Module Identifier PS10320  
Academic Year 2007/2008  
Co-ordinator Mrs Rachel Rahman  
Semester Semester 2 (Taught over 2 semesters)  
Other staff Mr Gareth Hall, Mrs Rachel Rahman, Dr Kathryn Bullen  
Course delivery Lecture   10 x 1 hour (5 lectures per semester). To run in alternate weeks with practicals.  
  Practical   8 x 2 hours (4 per semester). To run in alternate weeks with lectures.  
Assessment TypeAssessment Length/DetailsProportion
Semester Assessment SEMESTER 1: 2 X PRACTICAL REPORTS (1500 WORDS)  40%
Semester Exam1.5 Hours SEMESTER 1: OPEN BOOK ASSESSMENT  10%
Semester Assessment SEMESTER 2: PRACTICAL REPORT (2000 WORDS)  30%
Semester Exam1.5 Hours SEMESTER 2: EXAM  20%
Supplementary Assessment Students may, subject to Faculty approval, have the opportunity to resit this module, normally during the supplementary examination period. 

Learning outcomes

On completion of this module, students should be able to.
1. Critically assess the key principles of both quantitative and qualitative research design.
2. Understand the use, and calculation of, basic descriptive, non-parametric and parametric tests.
3. Identify when to use different research methods appropriately.
4. Examine and evaluate the need and use of ethics in psychology.
5. Communicate research output in a variety of media.


This module provides an introduction to research methods in psychology, assumes no prior knowledge of psychology and provides students with a knowledge base for future study. It provides students with an overview of the basic terminology and concepts of both qualitative and quantitative research methods together with an introduction to research ethics and codes of practice.

Brief description

Psychology as a science; the use of qualitative and quantitative methods in psychology; principles of ethics in experimentation; codes of ethical practice. Experimental design and control.


Quantitative research methods:

Qualitative research methods:



Module Skills

Problem solving Independent project work and problem solving will be one of the central goals of the module; the submission of 4 practical reports will require that the student develops independent research skills as well as problem solving skills. The ability of students to solve problems will be developed and assessed by asking them to: adopt differing points of view; organize data and estimate an answer to the problem; consider case studies; reason logically; apply theoretical models; consider similar cases; look for patterns; divide issues into smaller problems. A final examination will ensure that an assessment of the student¿s ability to work alone can be undertaken.  
Research skills The submission of four practical reports will reflect the independent research skills of the student. The need to locate appropriate research resources and write up the results will also facilitate research skills. Research preparation for a poster presentation will also enable the student to develop independent project skills. A final examination will ensure that an assessment of the student¿s ability to work alone can be undertaken  
Communication Students will learn how to present their ideas both verbally and in writing and how to assert themselves to advantage. They will understand the importance of information and clear communication and how to exploit these. They will know how to use the many sources of information available and how to use the most appropriate form of communication to the best advantage. They will learn to be clear and direct in their aims and objectives.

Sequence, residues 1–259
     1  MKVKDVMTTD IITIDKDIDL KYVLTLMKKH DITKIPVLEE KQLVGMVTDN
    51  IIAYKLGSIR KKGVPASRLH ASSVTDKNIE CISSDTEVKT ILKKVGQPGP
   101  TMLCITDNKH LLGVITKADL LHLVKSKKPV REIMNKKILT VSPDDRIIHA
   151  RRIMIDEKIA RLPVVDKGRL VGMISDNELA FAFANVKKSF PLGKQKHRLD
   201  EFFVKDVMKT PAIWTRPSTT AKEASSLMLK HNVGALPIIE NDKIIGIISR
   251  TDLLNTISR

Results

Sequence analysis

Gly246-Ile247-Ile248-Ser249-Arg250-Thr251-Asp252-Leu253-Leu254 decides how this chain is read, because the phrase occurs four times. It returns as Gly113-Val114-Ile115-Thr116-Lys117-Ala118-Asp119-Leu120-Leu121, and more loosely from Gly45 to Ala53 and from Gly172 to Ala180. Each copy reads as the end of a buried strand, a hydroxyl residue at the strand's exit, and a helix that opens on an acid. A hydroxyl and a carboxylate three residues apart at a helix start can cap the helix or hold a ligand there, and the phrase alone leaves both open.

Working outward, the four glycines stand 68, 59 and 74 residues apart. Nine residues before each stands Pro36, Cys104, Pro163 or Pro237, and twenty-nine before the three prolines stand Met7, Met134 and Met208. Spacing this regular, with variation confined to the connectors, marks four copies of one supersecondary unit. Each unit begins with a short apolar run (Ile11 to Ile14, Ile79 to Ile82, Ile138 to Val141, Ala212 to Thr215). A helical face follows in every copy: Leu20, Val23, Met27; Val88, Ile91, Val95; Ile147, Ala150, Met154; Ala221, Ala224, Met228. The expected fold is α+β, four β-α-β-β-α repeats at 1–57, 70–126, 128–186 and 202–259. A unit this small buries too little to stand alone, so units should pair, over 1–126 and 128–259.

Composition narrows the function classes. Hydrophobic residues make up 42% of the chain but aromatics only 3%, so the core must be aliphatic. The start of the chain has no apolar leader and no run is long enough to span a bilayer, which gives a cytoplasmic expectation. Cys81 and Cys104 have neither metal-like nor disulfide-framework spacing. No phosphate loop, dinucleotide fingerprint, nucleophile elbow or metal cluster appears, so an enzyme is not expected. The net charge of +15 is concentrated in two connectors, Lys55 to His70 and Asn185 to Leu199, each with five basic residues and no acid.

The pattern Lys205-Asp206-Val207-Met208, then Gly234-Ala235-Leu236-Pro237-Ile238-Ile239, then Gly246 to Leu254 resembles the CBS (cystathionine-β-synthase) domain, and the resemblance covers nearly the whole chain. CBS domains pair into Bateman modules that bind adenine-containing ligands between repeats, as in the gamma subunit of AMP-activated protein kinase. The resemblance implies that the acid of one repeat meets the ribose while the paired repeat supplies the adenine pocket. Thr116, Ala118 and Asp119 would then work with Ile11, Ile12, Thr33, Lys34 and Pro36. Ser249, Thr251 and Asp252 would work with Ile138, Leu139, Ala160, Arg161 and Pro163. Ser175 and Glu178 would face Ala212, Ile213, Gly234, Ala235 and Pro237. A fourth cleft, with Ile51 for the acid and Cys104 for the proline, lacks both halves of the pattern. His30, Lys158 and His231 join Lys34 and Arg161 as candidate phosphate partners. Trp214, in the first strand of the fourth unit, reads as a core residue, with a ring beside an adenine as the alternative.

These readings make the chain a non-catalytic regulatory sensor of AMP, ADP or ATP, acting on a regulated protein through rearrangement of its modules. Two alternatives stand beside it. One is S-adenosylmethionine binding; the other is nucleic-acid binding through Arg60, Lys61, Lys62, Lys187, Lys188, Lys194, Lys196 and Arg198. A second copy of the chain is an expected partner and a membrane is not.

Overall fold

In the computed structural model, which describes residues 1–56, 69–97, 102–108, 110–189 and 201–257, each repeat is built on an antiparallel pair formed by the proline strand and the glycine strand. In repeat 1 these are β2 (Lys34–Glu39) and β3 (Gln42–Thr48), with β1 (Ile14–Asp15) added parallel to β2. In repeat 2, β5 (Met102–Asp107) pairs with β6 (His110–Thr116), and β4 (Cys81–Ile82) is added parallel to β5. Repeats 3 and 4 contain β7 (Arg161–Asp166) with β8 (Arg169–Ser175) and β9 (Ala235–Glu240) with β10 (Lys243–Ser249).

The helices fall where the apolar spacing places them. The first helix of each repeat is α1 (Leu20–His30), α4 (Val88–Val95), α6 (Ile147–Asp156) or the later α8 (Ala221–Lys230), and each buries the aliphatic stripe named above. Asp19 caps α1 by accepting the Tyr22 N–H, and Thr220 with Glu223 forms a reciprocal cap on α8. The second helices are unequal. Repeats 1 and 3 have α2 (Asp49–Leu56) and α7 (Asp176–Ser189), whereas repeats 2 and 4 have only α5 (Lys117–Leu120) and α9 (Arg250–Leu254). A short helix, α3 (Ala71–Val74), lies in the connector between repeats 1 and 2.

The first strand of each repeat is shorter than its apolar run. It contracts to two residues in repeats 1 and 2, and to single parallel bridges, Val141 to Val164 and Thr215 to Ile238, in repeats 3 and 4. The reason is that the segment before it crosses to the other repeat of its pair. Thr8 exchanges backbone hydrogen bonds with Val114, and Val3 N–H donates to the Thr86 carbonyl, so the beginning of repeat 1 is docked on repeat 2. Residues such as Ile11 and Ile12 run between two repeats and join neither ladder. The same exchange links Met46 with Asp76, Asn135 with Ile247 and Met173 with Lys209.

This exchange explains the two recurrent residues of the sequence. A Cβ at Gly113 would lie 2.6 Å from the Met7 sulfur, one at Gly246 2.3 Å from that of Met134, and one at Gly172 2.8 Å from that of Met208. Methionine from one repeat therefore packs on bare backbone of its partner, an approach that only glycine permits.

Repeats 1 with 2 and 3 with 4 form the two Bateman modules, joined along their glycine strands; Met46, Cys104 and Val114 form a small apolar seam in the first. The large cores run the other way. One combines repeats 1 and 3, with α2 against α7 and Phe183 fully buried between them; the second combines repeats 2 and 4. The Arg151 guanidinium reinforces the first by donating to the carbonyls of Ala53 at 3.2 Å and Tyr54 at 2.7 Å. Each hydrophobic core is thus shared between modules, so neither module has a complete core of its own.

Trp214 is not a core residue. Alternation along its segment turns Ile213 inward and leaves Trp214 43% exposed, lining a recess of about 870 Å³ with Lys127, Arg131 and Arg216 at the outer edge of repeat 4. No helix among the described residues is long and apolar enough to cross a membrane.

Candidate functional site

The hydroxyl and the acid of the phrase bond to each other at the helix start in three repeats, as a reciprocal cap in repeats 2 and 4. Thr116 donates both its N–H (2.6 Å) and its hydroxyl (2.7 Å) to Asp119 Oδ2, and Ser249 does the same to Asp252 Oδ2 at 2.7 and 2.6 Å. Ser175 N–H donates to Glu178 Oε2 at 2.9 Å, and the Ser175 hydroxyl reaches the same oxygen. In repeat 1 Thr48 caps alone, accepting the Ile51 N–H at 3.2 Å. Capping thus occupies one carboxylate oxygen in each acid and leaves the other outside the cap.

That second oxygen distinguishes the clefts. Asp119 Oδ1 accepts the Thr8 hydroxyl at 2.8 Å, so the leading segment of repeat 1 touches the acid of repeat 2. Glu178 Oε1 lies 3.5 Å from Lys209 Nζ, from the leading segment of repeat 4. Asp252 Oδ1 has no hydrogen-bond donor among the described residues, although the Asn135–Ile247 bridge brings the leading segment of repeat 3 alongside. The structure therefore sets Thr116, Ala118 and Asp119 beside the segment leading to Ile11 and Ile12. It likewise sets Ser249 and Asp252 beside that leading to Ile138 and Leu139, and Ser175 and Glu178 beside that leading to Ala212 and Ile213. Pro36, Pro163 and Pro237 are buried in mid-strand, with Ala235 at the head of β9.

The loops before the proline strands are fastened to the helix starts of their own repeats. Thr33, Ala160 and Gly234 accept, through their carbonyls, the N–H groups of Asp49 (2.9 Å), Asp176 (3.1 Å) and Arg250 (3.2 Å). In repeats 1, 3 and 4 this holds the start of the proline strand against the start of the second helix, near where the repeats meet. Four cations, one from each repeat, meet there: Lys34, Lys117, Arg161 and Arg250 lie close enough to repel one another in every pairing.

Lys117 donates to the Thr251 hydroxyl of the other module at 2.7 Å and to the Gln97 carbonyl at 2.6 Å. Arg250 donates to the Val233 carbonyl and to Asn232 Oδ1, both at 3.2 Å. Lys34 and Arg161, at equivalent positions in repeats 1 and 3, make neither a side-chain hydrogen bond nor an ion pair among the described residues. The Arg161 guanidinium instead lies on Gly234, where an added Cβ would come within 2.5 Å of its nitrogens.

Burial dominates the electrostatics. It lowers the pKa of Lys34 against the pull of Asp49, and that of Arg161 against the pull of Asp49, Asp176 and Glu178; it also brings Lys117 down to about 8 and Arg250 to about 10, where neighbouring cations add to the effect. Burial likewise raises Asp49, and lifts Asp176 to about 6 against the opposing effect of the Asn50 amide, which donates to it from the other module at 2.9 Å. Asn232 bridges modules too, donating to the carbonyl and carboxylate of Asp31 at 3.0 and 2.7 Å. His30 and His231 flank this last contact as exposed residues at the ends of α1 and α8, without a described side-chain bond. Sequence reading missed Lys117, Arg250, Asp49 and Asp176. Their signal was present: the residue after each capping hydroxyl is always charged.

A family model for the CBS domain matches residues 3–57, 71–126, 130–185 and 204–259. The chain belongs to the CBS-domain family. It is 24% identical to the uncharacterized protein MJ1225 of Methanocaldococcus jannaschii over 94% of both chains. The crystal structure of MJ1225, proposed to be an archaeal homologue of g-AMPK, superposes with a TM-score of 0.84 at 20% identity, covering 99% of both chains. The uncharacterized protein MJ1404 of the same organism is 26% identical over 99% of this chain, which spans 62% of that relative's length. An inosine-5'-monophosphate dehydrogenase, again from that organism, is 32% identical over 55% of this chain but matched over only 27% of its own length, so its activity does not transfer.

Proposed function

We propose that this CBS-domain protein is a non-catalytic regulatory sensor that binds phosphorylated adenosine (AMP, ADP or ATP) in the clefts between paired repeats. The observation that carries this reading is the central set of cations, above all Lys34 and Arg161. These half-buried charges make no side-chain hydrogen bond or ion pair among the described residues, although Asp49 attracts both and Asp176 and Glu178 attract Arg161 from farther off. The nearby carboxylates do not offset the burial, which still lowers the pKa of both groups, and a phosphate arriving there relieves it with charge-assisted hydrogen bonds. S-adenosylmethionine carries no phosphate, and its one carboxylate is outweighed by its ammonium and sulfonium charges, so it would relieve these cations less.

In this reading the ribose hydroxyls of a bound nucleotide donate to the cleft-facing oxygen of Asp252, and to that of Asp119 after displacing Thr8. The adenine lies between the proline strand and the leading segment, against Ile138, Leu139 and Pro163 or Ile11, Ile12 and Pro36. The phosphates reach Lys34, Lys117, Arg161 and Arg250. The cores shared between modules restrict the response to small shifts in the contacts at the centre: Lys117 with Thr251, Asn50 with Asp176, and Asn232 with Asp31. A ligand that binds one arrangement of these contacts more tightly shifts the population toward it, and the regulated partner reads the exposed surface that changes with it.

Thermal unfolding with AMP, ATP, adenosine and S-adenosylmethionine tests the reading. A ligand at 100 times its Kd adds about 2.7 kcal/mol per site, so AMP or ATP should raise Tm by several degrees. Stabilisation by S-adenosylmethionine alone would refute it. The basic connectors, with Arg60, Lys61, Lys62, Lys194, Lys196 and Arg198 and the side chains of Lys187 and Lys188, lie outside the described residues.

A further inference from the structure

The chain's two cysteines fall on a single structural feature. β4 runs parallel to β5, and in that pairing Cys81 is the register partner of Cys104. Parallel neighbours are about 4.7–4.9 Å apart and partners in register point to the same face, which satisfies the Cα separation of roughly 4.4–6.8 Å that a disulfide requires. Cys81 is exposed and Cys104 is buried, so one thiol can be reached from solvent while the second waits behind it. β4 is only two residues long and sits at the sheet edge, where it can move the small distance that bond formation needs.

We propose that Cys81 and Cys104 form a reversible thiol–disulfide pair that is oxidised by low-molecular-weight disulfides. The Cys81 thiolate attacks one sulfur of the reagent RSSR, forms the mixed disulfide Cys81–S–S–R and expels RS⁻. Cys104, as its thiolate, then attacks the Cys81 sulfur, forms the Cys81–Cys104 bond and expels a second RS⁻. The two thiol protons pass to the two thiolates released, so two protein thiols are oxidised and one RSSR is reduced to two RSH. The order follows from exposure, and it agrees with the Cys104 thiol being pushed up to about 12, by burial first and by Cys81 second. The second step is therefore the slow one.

Improving own Learning and Performance The module aims to promote self-management but within a context of assistance from both the facilitator and the fellow students alike. Students will be expected to improve their own learning and performance by undertaking their own research and to exercise their own initiative, including searching for sources, compiling reading lists, and deciding (under guidance) the direction of their practical topics. The need to meet practical deadlines will focus students¿ attention on the need to manage their time and opportunity resources well.  
Team work Practical classes will consist in part of small-group discussion where students will be obliged to discuss as a group the core issues related to research topics. Such class room debates and discussions are a vital component of the module  
Information Technology Students will be expected to submit their work in word-processed format. Also, students will be encouraged to search for sources of information on the web, as well as seeking sources through electronic information sources (such as Web of Science and PsychLit; PsychInfo). Students will be introduced to the use of Excel and Powerpoint. Students will be assessed on their ability to use Excel within the assessment criteria of the practical report.  
Application of Number Application of number will be addressed throughout the module  
Personal Development and Career planning The discussions in particular will help to develop students¿ verbal and presentation skills. Learning about the process of planning projects, framing the parameters of the projects, honing and developing the projects and seeing through to completion will contribute towards their portfolio of transferable skills  
Subject Specific Skills Students will have the opportunity to develop a wide range of subject specific skills that will help them to understand, conceptualise and choose appropriate research methods and statistical tests. These subject specific skills include: * Assessment of scientific methods in psychology. * Differentiation between quantitative and qualitative methods of inquiry. * Demonstration of a familiarity with the techniques required for literature searches. * Appreciation of the nature of ethical research in the social sciences.  


This module is at CQFW Level 4